Are you thinking about a move to Virginia? If so, you may be talking to a gay or lesbian real estate agent about homes in Richmond. The capital of the state, Richmond, was incorporated in 1742, making it a city with a huge amount of history. It’s also home to growing artistic community and a number of LGBT citizens.
In fact, Richmond added a large LGBT community center in 2008 and home to the Triangle Theatre, one of the biggest LGBT theaters in the area. The city, which has more than 200,000 people in Richmond proper, and over 1.2 million in the Richmond Metro Area, does have two different areas that are considered gay neighborhoods. The Museum District is centered around the Virginia Museum of Fine Arts and is one of the more affordable areas in the city. It’s perfect for families and art lovers.
The Fan is the other area. This historic neighborhood features more small shops, bistros, and restaurants that the Museum District, but it’s also close to downtown and Virginia Commonwealth University, which means there are few rental properties available during the school season. It also tends to be a little more expensive than the Museum District.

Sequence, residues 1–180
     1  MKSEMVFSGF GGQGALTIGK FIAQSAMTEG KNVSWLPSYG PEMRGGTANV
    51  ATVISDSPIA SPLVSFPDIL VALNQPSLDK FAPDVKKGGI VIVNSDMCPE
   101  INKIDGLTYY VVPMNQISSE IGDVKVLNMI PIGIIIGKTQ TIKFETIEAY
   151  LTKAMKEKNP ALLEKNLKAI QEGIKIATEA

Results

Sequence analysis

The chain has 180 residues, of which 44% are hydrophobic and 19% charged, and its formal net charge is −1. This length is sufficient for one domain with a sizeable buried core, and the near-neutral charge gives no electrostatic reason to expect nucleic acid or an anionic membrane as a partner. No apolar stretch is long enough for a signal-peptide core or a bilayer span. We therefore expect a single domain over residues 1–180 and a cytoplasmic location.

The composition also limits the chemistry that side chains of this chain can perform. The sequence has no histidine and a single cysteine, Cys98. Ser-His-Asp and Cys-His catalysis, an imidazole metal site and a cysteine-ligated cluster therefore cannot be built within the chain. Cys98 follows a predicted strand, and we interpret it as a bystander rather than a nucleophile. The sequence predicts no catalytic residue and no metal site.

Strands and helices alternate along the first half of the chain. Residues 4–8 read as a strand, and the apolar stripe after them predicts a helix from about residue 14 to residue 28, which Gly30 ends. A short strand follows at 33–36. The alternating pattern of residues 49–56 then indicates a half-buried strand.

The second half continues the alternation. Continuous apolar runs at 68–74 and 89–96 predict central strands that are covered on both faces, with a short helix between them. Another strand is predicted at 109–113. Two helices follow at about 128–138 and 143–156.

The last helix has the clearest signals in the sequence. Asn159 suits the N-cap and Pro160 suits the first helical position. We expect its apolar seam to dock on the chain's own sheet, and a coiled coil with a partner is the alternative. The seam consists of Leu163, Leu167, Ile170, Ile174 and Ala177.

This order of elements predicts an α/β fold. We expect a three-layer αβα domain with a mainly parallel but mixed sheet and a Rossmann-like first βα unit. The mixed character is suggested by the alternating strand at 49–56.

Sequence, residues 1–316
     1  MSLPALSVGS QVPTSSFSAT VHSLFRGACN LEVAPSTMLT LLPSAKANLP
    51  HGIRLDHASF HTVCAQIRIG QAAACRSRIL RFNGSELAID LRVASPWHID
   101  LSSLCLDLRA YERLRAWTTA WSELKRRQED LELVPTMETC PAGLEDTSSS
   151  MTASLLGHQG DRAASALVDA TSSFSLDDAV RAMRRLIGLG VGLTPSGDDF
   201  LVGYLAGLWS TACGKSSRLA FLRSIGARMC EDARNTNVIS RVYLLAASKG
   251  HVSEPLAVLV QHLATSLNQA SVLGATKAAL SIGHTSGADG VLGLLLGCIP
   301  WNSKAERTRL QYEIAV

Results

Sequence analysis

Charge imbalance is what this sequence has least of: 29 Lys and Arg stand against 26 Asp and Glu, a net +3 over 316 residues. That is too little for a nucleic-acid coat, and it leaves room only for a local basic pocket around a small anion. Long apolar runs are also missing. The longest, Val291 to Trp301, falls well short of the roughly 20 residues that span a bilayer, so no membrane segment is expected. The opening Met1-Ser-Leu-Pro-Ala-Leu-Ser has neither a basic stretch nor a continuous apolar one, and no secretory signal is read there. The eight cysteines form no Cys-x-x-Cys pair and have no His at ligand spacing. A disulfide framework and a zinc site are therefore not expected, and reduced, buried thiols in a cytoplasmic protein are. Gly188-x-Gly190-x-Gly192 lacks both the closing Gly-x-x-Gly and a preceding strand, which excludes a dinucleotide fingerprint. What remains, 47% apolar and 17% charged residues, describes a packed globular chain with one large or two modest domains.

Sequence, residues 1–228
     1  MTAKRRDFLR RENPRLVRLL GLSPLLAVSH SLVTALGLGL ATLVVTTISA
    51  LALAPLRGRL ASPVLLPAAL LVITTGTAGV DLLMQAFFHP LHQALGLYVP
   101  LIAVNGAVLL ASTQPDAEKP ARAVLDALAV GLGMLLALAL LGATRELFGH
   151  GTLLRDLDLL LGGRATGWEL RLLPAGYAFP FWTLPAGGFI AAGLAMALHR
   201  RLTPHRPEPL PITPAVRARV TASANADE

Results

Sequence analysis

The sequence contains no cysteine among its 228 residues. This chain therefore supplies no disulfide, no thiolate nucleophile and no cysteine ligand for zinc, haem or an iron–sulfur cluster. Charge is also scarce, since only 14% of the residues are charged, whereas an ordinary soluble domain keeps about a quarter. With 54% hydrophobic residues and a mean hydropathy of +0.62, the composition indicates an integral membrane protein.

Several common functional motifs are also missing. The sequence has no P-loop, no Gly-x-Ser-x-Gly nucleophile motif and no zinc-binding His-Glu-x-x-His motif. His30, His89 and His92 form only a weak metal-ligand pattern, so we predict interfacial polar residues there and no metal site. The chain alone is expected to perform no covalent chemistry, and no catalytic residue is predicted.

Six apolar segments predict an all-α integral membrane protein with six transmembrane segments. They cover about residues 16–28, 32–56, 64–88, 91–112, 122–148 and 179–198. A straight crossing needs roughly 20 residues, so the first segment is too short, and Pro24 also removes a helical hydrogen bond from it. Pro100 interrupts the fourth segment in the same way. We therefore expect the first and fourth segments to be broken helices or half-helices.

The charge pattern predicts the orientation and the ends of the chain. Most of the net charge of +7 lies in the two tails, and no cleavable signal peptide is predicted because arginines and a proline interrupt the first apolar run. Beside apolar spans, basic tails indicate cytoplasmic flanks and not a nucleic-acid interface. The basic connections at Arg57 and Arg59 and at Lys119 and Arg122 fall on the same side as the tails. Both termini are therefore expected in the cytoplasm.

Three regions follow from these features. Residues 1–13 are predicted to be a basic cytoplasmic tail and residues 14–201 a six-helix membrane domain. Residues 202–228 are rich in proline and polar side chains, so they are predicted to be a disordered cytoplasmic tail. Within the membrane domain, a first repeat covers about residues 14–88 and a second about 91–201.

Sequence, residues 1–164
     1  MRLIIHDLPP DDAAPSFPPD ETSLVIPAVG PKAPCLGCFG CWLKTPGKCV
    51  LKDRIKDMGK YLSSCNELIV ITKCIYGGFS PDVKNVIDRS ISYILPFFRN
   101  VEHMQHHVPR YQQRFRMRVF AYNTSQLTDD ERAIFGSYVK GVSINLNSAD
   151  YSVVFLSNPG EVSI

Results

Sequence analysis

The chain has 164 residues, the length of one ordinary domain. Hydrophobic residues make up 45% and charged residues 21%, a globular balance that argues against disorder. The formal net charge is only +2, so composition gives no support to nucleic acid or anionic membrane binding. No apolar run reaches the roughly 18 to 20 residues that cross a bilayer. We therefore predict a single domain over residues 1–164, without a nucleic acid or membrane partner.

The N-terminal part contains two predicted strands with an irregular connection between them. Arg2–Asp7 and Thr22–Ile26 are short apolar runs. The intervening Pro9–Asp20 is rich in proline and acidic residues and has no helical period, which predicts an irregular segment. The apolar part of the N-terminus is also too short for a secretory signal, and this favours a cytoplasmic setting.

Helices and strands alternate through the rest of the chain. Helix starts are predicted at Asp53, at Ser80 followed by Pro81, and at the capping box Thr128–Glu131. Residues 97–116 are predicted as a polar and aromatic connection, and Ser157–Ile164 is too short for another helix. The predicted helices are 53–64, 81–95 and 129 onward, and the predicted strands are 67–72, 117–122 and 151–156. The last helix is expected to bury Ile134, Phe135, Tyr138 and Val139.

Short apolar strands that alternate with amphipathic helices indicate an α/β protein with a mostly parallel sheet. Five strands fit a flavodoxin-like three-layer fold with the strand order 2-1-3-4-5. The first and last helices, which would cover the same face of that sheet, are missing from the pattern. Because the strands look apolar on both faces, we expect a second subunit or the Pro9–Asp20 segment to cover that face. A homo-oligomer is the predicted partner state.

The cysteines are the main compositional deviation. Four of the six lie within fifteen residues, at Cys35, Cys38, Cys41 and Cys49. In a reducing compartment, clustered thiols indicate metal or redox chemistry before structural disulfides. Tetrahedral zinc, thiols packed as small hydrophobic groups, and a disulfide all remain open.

Rights and Protections in Richmond and Virginia as a Whole
While Virginia has not been one of the more LGBT-friendly states overall, it is slowly changing. Virginia banned same-sex marriage in 1975 and later passed a bill refusing to recognize any same-sex marriages performed in other states in 1997. The state even passed a bill in 2004 preventing civil unions and overrode the governor’s veto to make it legal. Another amendment in 2006 banned all types of formal same-sex relationships that resembled any form of marriage.
So why would you want to live there? Because in the past ten years, many things have changed. Many Virginians now support same-sex marriage, and following legal challenges, same-sex couples could legally marry in 2014.
Since 2007, same-sex couples have had a number of rights, including the ability to have full access to their partners if they are in the hospital. Several attempts were made to expand on these rights prior to marriage becoming legal, but they all failed. Virginia also doesn’t currently offer many protections, either, although a few cities and counties do. Richmond is technically considered an independent city, however, so it is not subject to any county laws or regulations.